THE Welsh Ambulance Service has been paying tribute to hundreds of volunteers as part of national Volunteers’ Week.

Volunteers’ Week (01-07 June) is an annual celebration of the contribution that millions of people make across the UK through volunteering.

Almost 600 volunteers give up their time to support the ambulance service in Wales, including 460 Community First Responders and 110 Volunteer Car Service Drivers.

Lee Brooks, the Trust’s Executive Director of Operations, said: “As an ambulance service, we place high value on the contribution of our volunteers, come rain or shine.

“The commitment from volunteers through the Covid-19 pandemic in particular was incredible, and we’re enormously grateful to those who stepped up to help us during those difficult times.

“Volunteers’ Week is a perfect opportunity to highlight the work they do and to publicly thank them for their ongoing commitment.”

Community First Responders are volunteers who attend 999 calls in their community and administer first aid in the precious first minutes before an ambulance arrives.

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They are trained by the Welsh Ambulance Service to administer first aid, including oxygen therapy and cardiopulmonary resuscitation, as well as the use of a defibrillator.

Last year, Community First Responders attended more than 14,000 emergencies in Wales, arriving at the scene of the most serious ‘Red’ calls in an average of seven minutes.

Jonathan Johnston, the Trust’s Operations Manager (Community Support), said: “Every second counts in an emergency, and the role that first responders play in initiating that chain of survival can literally mean the difference between life and death.

“First responders don’t just provide life-saving support at events such as cardiac arrests; they’re also trained to deal with a broader range of medical emergencies, including non-injured fallers.”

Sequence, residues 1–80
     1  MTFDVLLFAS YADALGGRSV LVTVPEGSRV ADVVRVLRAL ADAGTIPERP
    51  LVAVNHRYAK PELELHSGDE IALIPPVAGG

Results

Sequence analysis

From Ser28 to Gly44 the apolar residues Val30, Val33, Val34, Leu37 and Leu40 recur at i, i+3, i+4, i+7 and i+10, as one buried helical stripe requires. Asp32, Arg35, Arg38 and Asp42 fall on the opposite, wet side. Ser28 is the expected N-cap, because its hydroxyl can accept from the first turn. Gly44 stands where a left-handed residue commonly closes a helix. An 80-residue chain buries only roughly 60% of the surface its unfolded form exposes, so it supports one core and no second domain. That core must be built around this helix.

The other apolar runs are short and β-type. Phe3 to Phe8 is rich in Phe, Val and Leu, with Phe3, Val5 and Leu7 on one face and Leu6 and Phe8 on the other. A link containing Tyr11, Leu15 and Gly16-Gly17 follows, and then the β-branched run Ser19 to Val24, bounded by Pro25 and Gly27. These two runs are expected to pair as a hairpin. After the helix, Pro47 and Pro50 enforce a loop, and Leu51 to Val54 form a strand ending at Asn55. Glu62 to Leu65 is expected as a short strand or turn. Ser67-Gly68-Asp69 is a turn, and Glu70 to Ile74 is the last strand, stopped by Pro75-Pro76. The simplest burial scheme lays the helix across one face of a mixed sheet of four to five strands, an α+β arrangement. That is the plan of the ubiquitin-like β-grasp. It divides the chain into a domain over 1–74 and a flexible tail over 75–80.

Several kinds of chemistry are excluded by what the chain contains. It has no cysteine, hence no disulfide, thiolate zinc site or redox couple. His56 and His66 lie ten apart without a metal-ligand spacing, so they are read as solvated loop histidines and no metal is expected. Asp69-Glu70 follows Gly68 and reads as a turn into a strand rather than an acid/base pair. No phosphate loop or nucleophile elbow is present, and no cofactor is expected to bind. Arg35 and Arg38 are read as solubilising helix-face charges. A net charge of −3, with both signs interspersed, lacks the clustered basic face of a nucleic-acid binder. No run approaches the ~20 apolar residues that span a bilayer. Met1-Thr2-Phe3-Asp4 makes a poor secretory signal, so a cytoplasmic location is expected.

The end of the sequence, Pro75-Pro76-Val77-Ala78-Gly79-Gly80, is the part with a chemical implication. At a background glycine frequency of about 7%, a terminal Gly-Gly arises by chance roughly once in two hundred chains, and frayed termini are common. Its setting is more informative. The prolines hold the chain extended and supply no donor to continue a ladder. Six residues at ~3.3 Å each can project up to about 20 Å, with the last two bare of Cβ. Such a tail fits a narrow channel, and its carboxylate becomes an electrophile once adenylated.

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Meanwhile, Volunteer Car Service Drivers use their own vehicles to transport people to routine hospital appointments, including dialysis, oncology and outpatient appointments.

In 2021/22, they made 56,000 journeys across Wales and covered more than one and a half million miles.

Pennie Walker, Volunteer Manager for the Trust’s Volunteer Car Service, said: “The Volunteer Car Service is an important cog in the wheel of the non-emergency service.

“Volunteers get to know their patients, especially those they transport regularly, and it’s as rewarding an experience for them as it is for patients.”

Last year, the Trust launched its first Volunteers’ Strategy, which sets out how volunteers will be better integrated into the workforce and better supported to deliver the role.

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Jenny Wilson, National Volunteer Manager, said: “Volunteering at the Welsh Ambulance Service has come a long way in the last two decades.

“There are new and exciting plans afoot as we further embrace our volunteers as part of the #TeamWAST family.”

As well as Community First Responders and Volunteer Car Service Drivers, the Trust also relies on the support of St John Ambulance Cymru as well as ‘BASICS’ doctors from the British Association of Immediate Care, who provide pre-hospital care at the scene of more complex emergencies.

Click here if you are interested in becoming a Volunteer Car Service Driver, and here if you would like to become a Community First Responder.